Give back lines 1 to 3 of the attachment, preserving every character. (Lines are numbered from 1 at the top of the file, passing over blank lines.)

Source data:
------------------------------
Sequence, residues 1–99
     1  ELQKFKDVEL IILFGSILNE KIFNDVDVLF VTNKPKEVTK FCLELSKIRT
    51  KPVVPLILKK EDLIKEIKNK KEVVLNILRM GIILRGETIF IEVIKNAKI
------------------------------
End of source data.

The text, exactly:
Sequence, residues 1–99
     1  ELQKFKDVEL IILFGSILNE KIFNDVDVLF VTNKPKEVTK FCLELSKIRT
    51  KPVVPLILKK EDLIKEIKNK KEVVLNILRM GIILRGETIF IEVIKNAKI